Leap of faith
Imagine choosing a graduate school from thousands of miles away, knowing little about it beyond information gleaned through social media and the internet.
Then, once you arrive, you find your undergraduate degree won’t work for your intended course of study and you have to choose a different option while navigating a different culture and competing in athletics for your new college.
“To this day, it’s the weirdest thing,” Niamh Markham M.A. ’19 said of her choice of Bradley. “It was a gut feeling. I never (visited) here, never viewed the campus. I just had a feeling.”
Markham, whose first name is pronounced Neev, had completed her undergrad degree as a teacher at Dublin City University in her native Ireland. But her credentials to teach ages 5–12 weren’t acceptable for graduate study in education here. So she switched to the master’s program in non-profit leadership, figuring if things didn’t work out at Bradley she could always return home and teach.
Having run meets as an undergrad and represented Ireland in 18-under international events, Markham was accustomed to a different style of competition because Irish collegiate sports are run more on the club level.
“It was an adjustment (here) to realize ‘Oh, I came in 20th in that race but yet I’m running faster,” Markham said. “It developed me and brought me on a lot time-wise, racing-wise.”
Active in basketball, soccer and Gaelic football as a youngster, Markham focused on track and cross country as a teen. The self-described “adrenaline junkie” sees it as a unique blend of individualism with a dash of teamwork.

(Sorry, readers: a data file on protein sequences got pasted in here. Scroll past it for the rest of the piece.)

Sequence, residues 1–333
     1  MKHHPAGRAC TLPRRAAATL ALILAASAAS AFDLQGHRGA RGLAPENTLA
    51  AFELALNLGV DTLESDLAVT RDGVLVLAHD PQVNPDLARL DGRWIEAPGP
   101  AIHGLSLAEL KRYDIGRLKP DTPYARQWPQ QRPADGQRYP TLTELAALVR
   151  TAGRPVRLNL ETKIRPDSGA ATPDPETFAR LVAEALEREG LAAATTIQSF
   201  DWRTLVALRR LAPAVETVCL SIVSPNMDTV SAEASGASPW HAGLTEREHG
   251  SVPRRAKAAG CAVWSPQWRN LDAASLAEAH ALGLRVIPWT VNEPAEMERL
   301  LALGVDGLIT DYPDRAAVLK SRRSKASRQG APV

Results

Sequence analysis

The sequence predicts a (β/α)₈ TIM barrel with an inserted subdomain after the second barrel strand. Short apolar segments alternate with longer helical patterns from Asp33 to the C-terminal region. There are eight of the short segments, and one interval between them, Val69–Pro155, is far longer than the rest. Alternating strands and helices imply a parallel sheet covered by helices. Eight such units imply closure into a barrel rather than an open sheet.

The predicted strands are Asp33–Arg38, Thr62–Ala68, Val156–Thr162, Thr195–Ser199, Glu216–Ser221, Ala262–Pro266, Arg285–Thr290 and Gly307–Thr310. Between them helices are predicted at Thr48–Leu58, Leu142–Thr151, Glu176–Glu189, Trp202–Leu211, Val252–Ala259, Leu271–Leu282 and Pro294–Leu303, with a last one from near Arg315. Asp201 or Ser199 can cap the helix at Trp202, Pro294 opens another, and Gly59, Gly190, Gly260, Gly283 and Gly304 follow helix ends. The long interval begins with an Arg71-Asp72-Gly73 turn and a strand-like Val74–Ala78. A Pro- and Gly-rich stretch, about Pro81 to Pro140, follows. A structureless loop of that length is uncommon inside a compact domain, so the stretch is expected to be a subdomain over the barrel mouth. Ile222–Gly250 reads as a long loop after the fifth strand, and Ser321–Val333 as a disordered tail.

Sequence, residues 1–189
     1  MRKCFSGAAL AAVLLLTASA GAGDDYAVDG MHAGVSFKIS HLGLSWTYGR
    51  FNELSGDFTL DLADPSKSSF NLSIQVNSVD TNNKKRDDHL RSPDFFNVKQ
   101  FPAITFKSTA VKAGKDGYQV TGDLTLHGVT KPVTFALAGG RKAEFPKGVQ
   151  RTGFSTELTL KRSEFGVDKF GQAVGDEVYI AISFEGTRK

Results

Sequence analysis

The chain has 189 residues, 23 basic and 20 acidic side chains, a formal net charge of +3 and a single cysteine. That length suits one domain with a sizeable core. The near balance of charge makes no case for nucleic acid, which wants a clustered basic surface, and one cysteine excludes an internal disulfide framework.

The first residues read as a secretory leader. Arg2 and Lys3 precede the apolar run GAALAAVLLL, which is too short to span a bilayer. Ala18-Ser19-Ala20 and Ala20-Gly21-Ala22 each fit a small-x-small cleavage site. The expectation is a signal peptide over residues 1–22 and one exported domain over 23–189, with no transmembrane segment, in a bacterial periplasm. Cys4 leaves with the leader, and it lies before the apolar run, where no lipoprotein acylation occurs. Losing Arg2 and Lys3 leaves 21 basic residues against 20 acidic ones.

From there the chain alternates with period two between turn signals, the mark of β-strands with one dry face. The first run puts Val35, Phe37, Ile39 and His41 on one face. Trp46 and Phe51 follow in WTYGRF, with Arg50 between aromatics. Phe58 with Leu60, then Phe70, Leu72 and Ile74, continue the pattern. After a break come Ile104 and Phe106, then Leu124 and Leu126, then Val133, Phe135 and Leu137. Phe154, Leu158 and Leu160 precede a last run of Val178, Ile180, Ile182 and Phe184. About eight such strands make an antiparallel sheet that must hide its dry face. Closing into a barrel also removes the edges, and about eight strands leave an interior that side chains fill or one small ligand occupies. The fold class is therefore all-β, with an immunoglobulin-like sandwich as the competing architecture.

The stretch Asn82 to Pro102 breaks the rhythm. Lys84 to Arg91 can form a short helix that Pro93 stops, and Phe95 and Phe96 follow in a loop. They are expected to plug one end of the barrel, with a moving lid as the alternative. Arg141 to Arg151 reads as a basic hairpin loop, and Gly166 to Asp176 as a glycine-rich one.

“At the end of the day, it’s you on your own. When you cross the finish line, if you’ve done well, it’s on you. If you’ve done bad, it’s on you. But if someone is having a bad day, you know you have to pull up your socks and help out.”
Last cross country season, Markham scored for Bradley in three of the four meets she ran. She was third on the team at the NCAA Midwest Regional and finished 28th at the Missouri Valley Conference Championship.
Heading overseas was easier with a degree already in hand and in her 20s, Markham said. She also noted that resources — academic and athletic – are greater for students here. While unplanned, her switch to studying non-profit leadership while working to get her Irish teaching certification accepted in Illinois has been valuable.
“It’s really opened my eyes. I know my focus is on helping children … I realize there’s more opportunity than being in a classroom for the next 40 years.”
Future plans could include an OPT (Optional Practical Training) visa allowing her to work for a year getting practical experience to complement her education.
“In my head, I still have a backup plan,” Markham said. “So far, I’ve been lucky and everything has worked out. Maybe I’ll keep jumping until something goes wrong.”
— Bob Grimson ’81
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